I get it if you’re stressed out by the holidays while trying to manage a rare and chronic disease, as I am. Our spoons — our energy — dwindle fast during the holidays. I can never make it to every event I’ve planned. That’s why I’m grateful to savor each special moment. Life is too short to be anything but kind.

So I’m choosing to gift my time and kindness to others instead of spending money on things. Memorable moments with loved ones last longer, cost less, and create less stress.

I wish you and your loved ones a happy holiday season from my home to yours. May the new year bring an improved quality of life and many much-needed clinical trials that lead to new treatments and cures.

Note: Pulmonary Hypertension News is strictly a news and information website about the disease. It does not provide medical advice, diagnosis, or treatment. This content is not intended to be a substitute for professional medical advice, diagnosis, or treatment. Always seek the advice of your physician or other qualified health provider with any questions you may have regarding a medical condition. Never disregard professional medical advice or delay in seeking it because of something you have read on this website. The opinions expressed in this column are not those of Pulmonary Hypertension News or its parent company, BioNews, and are intended to spark discussion about issues pertaining to pulmonary hypertension.


Dorothy Irwin-Browning avatar

Dorothy Irwin-Browning

Jen, that was wonderful. Chock full of ideas we need to be reminded of. It is so lovingly written that it really struck accord. It is one of those little things in life I will never forget. I'm going to print parts of it to use as bookmarks. Say, maybe that is another little idea, make bookmarks for others with a special message on them.
May those in this group have symptom free holidays.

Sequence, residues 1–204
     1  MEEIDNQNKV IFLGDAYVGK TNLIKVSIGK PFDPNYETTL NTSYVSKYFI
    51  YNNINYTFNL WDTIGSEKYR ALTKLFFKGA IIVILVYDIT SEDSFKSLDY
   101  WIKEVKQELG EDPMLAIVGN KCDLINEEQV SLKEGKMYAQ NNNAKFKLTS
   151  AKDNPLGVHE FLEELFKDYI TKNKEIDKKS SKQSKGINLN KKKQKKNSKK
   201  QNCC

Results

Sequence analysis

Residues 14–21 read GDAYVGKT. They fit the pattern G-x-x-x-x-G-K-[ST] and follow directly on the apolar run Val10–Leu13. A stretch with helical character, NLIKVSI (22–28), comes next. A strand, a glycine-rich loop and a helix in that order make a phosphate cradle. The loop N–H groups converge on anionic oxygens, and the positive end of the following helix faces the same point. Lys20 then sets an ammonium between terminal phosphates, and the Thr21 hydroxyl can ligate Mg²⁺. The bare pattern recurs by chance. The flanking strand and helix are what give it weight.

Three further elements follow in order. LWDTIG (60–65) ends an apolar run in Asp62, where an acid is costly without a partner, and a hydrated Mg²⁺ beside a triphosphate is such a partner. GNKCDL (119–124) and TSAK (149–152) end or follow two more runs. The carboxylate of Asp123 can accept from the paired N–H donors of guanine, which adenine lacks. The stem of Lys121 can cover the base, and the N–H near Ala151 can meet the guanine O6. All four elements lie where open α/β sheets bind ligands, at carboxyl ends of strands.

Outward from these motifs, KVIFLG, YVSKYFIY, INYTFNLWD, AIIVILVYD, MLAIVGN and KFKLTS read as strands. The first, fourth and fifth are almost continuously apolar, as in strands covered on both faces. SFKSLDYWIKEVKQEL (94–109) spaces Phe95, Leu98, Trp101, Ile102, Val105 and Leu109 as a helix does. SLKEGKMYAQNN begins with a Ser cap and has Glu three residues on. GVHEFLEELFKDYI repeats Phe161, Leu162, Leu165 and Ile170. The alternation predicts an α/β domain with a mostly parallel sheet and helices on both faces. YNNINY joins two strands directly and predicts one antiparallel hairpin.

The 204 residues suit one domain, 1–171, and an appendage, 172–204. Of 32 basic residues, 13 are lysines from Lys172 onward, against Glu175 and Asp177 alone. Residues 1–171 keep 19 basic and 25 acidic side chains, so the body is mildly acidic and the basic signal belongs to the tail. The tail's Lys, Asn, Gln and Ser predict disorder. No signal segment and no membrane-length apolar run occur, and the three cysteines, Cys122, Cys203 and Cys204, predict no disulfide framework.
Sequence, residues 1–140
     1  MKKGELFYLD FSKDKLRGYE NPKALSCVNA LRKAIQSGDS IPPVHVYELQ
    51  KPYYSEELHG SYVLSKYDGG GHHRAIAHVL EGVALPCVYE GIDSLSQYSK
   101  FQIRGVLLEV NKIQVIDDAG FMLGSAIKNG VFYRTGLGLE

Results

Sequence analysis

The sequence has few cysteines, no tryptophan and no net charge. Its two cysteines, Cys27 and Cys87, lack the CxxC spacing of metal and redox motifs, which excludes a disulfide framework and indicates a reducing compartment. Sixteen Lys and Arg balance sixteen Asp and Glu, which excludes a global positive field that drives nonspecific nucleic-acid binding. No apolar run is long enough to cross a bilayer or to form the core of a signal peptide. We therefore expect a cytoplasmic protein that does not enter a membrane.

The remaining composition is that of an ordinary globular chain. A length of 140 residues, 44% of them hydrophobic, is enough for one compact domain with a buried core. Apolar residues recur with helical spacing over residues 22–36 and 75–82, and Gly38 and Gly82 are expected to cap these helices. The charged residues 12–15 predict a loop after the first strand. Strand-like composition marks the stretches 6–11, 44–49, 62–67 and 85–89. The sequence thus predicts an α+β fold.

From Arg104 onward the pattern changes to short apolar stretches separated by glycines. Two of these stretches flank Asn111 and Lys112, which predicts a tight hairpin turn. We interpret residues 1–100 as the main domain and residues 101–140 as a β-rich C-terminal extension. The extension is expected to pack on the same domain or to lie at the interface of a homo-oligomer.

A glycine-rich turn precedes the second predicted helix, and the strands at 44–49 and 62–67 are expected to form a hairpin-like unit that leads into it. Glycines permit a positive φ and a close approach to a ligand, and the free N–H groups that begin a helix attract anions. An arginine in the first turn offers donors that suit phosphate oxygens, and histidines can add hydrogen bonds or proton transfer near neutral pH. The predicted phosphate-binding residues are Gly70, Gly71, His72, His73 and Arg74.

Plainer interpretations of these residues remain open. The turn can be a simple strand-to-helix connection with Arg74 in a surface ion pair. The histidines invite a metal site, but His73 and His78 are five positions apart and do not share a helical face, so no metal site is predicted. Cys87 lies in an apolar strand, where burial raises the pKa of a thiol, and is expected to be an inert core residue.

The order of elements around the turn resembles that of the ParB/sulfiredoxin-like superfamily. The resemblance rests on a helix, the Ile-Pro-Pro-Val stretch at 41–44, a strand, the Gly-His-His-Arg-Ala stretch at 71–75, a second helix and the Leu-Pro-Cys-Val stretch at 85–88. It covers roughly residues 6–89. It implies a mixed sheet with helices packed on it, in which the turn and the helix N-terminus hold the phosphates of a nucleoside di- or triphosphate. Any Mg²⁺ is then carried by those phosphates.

Doti Browning

Jen Cueva avatar

Jen Cueva

Hi Doti,
I love the idea of printing out special messages on bookmarks for gifts. I'm honored that you would do that with my column. Thanks so much for reading and sharing such a lovely idea.

Wishing you a symptom-free holiday season, too, my PHriend!I hope to see you around soon in the forums. Take care, and thanks so much for taking the time to comment.

Cheri Jill Upshaw avatar

Cheri Jill Upshaw

Jen, great article. I did something this year that really helped. I wanted to send cards as usual to family, friends, and past clients. I always did handwritten. Instead, I went to the Hallmark site and found some really nice cards for $2.00 each, typed in the messages, and signed them online. Then they sent them out. The $2.00 included postage. It did not take long or cost much. No stamps to buy or trips to the post office. Many of you may already do this but it is new to me and I left the addresses in my database with auto-reminders for future birthday cards, etc. I felt like a weight was lifted cheaply and quickly.

Jen Cueva avatar

Jen Cueva

Happy New Year, Jill! I'm so excited to hear that you enjoyed this column. I have used a website called, Postables, which sounds similar. But I've never tried Hallmark. Heck, I had no idea they had those options. As you mention, Postables will save addresses and birthdays, too. You can also set up reminders to send cards out. I like that I can semi-handwritten them on that site, which looks nice. They also have discount codes often that will come to your inbox if you sign up.

Yes, I'm sure those simple cards meant the world to those who received them. I enjoy those little treasures. So happy to hear that you found a way to do this, and it takes less of your limited energy, too.

I hope to see you soon back in the forums. Cheers to 2023!

Love, hugs, and kindness,